This silver and black sciart physics wrap bracelet would be a great gift for physics teacher, grads, and fans.
Black and Silver Speed of Light Wrap Bracelet by Kokoba
This one is actually pretty appropriate for my mood today. I have been jamming out to Rihanna's "Bitch Better Have My Money" over the last few days—in case you couldn't tell by my tweet earlier today:

Maybe I'm just in a Rihanna sort of mood, but I think this bracelet would totally suit her glam eclectic look. Wouldn't it though?

This silver and black sciart physics wrap bracelet would be a great gift for physics teacher, grads, and fans.
Pay no attention to the manicure in need of a touch-up.
I don't know why I have Rihanna on the brain in this post. I don't really care for more than a handful of her songs. I guess I've just been itching for really angry, aggressive songs about money in the face of CSN arbitrarily and without notice pushing back my study stipend deposits. "BBHMM" is a pretty good way to scratch that itch. So is Barrett Strong:

I try to take an attitude of mindfulness and gratitude: there's so much that I do have and I shouldn't lose sight of that. But I do not appreciate my money being jerked around for no good reason that I can find or that they can give. Hopefully it'll be sorted by this week, though.

What are your favorite songs about being broke?

Saturday, April 2, 2016

Skeptic Saturday: Pantene Shampoo Burning Colored Hair?

Another one from Facebook. This time, you shouldn't use budget shampoo and get your hair colored. OR SHOULD YOU?!

If the text is too small:
For the love of anything holy.......PLEASE stop using this crap in your hair! 
I had a client wanting to do a light blonde ombre..... I can do this in my sleep! (And on my [sic] occasions, I have,lol) the application was finished and it was time to sit a [sic] process......
After only ten mins. 
She came up to me telling me her hair is burning..... I felt the foils and... Damn, nearly burned my fingers!!!!!! I opened the packet an smoke comes billowing out........ 
Mind you I have done this clients color for several years with no issue ever.......Iasked the usual questions i.e. Well water, medication etc. the only thing that was there she used Pantene shampoo and conditioner.......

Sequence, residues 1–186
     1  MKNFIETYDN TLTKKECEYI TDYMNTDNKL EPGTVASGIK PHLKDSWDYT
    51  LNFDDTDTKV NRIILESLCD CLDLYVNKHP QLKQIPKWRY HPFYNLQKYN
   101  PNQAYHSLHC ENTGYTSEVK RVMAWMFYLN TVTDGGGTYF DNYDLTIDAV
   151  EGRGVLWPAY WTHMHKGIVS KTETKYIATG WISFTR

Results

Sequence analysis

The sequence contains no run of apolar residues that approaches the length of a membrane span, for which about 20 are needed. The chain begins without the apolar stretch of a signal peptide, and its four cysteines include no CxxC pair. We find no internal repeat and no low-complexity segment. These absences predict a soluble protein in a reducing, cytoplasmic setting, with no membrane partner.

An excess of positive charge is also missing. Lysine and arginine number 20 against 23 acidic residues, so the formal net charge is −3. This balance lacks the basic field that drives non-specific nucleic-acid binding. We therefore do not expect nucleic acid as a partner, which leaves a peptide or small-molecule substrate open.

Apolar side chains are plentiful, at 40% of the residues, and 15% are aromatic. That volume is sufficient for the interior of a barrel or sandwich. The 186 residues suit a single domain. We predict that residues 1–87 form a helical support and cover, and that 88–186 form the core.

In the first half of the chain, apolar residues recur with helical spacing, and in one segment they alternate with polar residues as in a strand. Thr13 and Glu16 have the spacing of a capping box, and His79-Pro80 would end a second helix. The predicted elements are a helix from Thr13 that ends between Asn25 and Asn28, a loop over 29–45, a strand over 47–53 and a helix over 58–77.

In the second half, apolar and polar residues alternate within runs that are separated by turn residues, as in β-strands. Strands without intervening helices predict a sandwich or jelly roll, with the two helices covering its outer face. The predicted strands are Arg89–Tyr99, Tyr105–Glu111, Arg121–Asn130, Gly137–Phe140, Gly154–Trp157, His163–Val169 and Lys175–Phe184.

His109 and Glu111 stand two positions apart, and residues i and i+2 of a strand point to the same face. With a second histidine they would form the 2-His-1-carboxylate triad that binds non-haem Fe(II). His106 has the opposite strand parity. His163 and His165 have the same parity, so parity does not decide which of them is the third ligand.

This crap had plastic and silicones in it and when it comes in contact with a bleach or hi-lift color it reacts and the bleach will melt off the build up and becomes a very hot liquid and if it come [sic] in contact with skin it will cause a burn. 
I had two other clients in the past 7 years that this crap called Pantene was the key factor in a serious situation. 
If you are using it and plan to get color done, please throw it away and have your stylist do a detox to get rid of the deposits. 
There is a difference between cheap and salon quality. Do not let anyone lie to you and try to say anything more....... 

Refinery 29 did all the legwork for me on this one: when events like this occur, it's not due to the ingredients in Pantene or other budget shampoos—rather, it's most likely a reaction between ammonia (the coloring agent), sodium hydroxide (an ingredient in hundreds, if not thousands, of shampoos and soaps), and aluminum (the foils), or the result of heavy metals or henna lingering in the hair.

As the cosmetics blog The Beauty Brains pointed out, Pantene and salon brand shampoos have nearly identical ingredients. What's more, they both contain the silicones so roundly denounced in the original post. (Also note that there is nothing in Pantene that would be considered a plastic or would function in the way that the post is implying, i.e. leaving a flammable residue of some kind on your hair. Nor does it contain, or leave behind, wax.)

Buy your budget haircare products without fear!

Friday, April 1, 2016

Friday Five: Into The Lens

What was your first camera like?

Oh, man. It was a Crayola-branded 110 mm camera for kiddos.

Image courtesy Wikimedia Commons
I forget how old I was, but I was fairly young. For a short while I had ~~artistic aspirations and took some really not-good photos. (Bless the photo tech who developed them. I hope my mad Dutch angles and stuffed animal portraits cheered them up, whoever they were!)

What kinds of accessories have you purchased for a camera?


When did you last shoot photos on film, and how many rolls of unshot film do you have in your house?

Oh, probably in...2008? I had purchased a heavy-duty SLR and wanted to justify the purchase, but I think I only ever shot one or two rolls with it. There is zero unshot film in this apartment—or film at all.

Digital photography has all kinds of advantages over film photography, but what’s better about shooting on film and having to get it developed and printed?

I guess it keeps photo techs employed?

How do you manage your digital photos?

I have them organized by year, and that's about it. Once in a while I do a huge system backup to an external hard drive.